Level sensor in Thames trial
01 June 2009
Environment Agency hydrologists have implemented a radar water level sensor in an interesting application that manages the water level at a site by Molesey Lock on the River Thames, near Hampton Court Palace in the UK.
Water level measurements are taken at the lock for onward transmission to the Environment Agency’s offices via a PSTN telephone and inclusion in the national archive.
Alarms are set for low and high water level so that the lock keeper can manage the river for the river users, some of which have valuable floating homes moored in the area. If the river gets too low these homes will bottom out which could cause considerable damage.
Prior to the installation of the radar sensor, data was provided by a shaft encoder that recorded water level in a specially constructed stilling well. The well had been installed approximately 300m upstream of the lock, on the other side of the river to the telemetry outstation. This meant that the data transfer cable had to pass under the river and Agency staff had to walk back and forth between the sensor and the outstation to carry out tasks such as setting the head level for example.
The radar sensor was installed very close to the outstation which allows the Environment Agency to set the levels that the sensor is measuring more accurately in the outstation.
Radar sensors avoid the necessity for capital works to install a stilling well and can be installed quickly and simply.
The radar sensor at Molesey Lock scans every 30 seconds providing values for screen display on site. It also logs a reading every 15 minutes for transmission via the telemetry outstation.
Radar sensors are suitable for contact-free water and liquid level monitoring in difficult to measure and remote locations or those, which are subject to flooding. Simon Wills, managing director at OTT Hydrometry the company which supplied the sensor said: ‘This technology offers a number of extremely attractive features which make it suitable for a wide variety of applications. For example, it has a wide measurement range up to 35 metres with +/- 1cm accuracy across the entire range and offers a number of communication options including RS232, RS484, SDI12, or 4-20 mA. Importantly, it employs pulse radar rather than a frequency modulated wave, which means that high levels of accuracy are still possible but power consumption is extremely low which means that the sensor can operate from a solar or wind powered battery system in almost any location.’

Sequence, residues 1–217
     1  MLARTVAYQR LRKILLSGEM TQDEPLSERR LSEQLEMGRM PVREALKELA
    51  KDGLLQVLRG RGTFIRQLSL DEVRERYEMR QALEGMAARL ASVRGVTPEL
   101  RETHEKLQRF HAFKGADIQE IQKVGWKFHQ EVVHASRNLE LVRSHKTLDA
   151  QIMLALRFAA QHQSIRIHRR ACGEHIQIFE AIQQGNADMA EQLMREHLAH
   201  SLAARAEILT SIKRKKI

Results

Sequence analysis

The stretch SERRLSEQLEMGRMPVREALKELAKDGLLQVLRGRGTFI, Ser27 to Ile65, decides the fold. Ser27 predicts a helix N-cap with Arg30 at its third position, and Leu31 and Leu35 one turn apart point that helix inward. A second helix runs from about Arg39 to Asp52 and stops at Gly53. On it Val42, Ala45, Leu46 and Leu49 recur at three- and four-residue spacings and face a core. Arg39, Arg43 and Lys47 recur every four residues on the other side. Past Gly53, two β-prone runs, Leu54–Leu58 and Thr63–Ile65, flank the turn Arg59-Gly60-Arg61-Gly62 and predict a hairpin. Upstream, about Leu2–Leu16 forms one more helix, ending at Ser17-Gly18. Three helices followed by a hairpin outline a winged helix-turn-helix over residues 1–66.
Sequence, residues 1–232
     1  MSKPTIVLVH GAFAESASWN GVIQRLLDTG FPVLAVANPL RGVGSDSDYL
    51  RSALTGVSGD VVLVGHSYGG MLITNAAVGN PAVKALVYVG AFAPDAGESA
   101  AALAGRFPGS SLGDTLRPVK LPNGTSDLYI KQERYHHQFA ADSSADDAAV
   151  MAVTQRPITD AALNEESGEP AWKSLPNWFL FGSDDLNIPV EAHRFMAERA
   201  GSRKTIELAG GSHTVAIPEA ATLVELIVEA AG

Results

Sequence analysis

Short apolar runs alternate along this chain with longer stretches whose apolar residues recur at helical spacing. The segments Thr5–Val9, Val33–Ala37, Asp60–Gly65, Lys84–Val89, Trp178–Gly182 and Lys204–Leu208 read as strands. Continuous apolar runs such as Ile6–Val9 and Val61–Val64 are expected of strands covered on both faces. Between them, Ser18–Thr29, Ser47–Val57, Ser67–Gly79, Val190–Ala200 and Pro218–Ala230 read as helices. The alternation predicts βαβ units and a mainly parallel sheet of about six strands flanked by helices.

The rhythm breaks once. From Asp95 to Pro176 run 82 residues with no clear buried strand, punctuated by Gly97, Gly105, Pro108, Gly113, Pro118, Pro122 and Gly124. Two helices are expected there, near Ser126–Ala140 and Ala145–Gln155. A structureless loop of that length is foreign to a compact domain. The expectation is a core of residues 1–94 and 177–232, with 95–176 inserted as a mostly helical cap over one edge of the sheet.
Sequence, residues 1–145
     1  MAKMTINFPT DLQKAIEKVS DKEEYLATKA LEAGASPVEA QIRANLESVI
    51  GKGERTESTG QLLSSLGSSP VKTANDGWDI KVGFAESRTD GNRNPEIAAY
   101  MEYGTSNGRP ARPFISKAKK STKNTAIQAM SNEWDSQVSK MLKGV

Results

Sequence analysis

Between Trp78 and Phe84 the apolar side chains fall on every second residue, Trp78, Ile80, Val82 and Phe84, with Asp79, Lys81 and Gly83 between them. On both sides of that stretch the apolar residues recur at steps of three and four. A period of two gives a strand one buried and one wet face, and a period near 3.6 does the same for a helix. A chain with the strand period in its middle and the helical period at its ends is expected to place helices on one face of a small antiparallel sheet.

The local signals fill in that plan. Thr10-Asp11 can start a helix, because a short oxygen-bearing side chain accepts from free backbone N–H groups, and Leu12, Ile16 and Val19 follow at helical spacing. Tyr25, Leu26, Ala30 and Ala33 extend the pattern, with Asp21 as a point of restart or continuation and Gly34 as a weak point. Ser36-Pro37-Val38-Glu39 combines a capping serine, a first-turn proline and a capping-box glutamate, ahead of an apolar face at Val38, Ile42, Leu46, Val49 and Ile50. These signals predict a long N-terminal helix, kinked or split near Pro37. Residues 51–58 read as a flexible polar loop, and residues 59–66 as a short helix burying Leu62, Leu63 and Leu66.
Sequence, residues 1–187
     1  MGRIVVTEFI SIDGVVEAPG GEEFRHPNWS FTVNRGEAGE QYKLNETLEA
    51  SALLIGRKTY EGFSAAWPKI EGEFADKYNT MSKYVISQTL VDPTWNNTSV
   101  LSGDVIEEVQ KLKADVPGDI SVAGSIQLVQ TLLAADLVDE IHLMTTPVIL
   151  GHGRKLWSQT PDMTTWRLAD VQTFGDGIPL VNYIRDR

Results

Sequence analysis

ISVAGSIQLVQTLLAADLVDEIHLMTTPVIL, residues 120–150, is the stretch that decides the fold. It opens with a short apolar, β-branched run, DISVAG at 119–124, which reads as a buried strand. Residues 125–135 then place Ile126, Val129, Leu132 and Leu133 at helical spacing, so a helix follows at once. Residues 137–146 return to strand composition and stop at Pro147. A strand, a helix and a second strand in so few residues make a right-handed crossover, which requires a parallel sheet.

The Molesey Lock sensor is mains powered but the Environment Agency has recently purchased a further sensor and plans to install a solar powered station for comparison with a shaft encoder sensor.
Commenting on his experience with the radar sensor the Environment Agency's Rikk Smith said: ‘We have been very pleased with this sensor because it was quick and easy to install and we have not had to touch it since it was installed over five months ago.’
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